In his monograph of 1989, Kaplan argued that the logic of demonstratives gives rise to contingent logical truths. His favorite example is ‘I am here now’. Zalta argued that such examples are not the most basic examples of contingent logical truths. Every genuinely logical truth is analytic, in a strict sense of being true in virtue of its meaning alone. But the meaning of the sentence ‘I am here now’ does not, by itself, determine a truth value. It is only relative to a context that the sentence can be said to be true or false, on Kaplan’s view. Zalta argues that this is, at best, an extended notion of analyticity.

We cannot consider the truth of the sentence [‘I am here now’] without appealing to some context, and so we cannot simply say that it has the property that traditional analytic truths have, namely, being true in virtue of the meanings of its words. Rather, it has the property of being true in all contexts in virtue of the meanings of its words relative to such contexts. (1988, p. 71)

Hanson tries to turn this reasoning against Zalta. He presents an analogous argument against the validity of LA1:

We cannot consider the truth of the sentence without appealing to some actual-world candidate, and so we cannot simply say that it has the property that traditional analytic truths have, namely, being true in virtue of the meanings of its words. Rather, it has the property of being true in all actual-world candidates in virtue of the meanings of its words relative to such actual-world candidates.

In summary, Hanson claims that Zalta’s own reasons for doubting that ‘I am here now’ is a genuine logical truth carry over to instances of LA1.

But we think that there is an important difference between requiring a context and requiring a distinguished actual world. Consider a paradigm example of a logically true sentence in a formal, nonmodal propositional language: p → p, for example. Like any formula, this formula is only true relative to a model. Similarly, the formula \({\mathcal{A}}p \rightarrow p\) is only true relative to a model. But, unlike Kaplan’s ‘I am here now’, all that we need to supply is a model; we don’t need anything other than an interpretation (which we believe requires a distinguished actual world if truth for modal claims is to be definable). So the claim \({\mathcal{A}}p \rightarrow p\) is true in virtue of the meaning of its words in exactly the same sense as classical examples of logical truths are true in virtue of the meanings of their words. Hanson’s argument fails to establish an analogy as it fails to appreciate the difference between the need to supply an interpretation and the need to supply an interpretation and a context.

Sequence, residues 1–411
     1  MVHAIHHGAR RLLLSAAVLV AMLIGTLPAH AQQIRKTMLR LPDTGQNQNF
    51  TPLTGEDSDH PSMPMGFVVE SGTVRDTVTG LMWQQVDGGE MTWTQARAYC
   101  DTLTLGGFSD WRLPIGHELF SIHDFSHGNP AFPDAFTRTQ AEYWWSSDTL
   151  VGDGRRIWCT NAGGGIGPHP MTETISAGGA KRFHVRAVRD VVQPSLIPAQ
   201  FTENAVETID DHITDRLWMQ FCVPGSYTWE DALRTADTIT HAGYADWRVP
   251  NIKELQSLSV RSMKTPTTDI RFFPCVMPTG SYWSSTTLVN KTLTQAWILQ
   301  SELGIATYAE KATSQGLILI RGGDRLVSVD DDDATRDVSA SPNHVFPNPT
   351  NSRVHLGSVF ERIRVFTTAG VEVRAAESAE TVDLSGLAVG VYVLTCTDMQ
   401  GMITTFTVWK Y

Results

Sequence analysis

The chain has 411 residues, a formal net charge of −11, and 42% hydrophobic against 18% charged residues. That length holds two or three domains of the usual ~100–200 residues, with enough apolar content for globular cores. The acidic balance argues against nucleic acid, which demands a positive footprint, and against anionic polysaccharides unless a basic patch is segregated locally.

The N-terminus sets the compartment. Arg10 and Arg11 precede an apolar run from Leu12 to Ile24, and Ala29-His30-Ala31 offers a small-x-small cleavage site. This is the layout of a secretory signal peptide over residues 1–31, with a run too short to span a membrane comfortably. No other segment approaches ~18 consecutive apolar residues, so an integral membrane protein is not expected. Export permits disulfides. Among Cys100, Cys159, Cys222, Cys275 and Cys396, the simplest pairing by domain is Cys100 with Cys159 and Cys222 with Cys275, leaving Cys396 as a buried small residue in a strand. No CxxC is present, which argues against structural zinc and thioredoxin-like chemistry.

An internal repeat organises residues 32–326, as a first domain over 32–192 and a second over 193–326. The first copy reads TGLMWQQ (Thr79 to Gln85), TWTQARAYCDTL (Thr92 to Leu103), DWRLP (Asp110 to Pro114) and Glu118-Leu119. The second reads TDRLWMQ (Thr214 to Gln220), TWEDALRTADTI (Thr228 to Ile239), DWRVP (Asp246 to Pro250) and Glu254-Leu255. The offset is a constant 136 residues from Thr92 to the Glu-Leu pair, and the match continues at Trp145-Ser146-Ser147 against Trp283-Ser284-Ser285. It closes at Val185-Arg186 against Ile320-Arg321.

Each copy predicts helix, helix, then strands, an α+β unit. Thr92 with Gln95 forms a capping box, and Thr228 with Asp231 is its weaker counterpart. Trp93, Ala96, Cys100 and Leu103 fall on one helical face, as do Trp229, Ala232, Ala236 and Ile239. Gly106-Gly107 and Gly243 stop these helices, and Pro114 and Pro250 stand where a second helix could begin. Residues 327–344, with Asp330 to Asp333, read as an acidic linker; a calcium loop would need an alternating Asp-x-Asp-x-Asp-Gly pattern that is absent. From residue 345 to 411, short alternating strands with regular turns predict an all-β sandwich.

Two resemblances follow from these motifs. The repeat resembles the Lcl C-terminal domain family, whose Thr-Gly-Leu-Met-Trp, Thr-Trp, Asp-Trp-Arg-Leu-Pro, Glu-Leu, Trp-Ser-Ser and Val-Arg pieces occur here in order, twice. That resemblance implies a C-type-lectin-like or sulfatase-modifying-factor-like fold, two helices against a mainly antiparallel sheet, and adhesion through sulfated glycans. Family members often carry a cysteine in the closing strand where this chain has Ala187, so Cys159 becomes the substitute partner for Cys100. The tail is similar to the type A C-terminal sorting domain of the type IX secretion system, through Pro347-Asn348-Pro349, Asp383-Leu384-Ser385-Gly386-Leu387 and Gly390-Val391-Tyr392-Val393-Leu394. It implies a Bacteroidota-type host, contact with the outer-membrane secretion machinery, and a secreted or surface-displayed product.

4 Considering a counterfactual world as actual

We take ourselves to have answered Hanson’s objections to Zalta’s original argument in favor of R-validity and objected to Hanson’s positive arguments in favor of G-validity. We’d like to conclude with a discussion of a notion that he employs in his defense of G-validity that we find problematic. It is the notion of “truth at w from the point of view of w′” or “truth at counterfactual world w′ when considering w′ as actual.” (This notion is widely used in the literature on two-dimensional modal logic but we won’t be discussing that literature explicitly here.) We first discuss the ways in which Hanson employs this notion and then argue that it is problematic. The upshot of these criticisms is that there is only one way to “consider” a counterfactual world and that is as counterfactual. Insofar as Hanson’s defense of G-validity requires otherwise, we maintain that to be further evidence against that defense.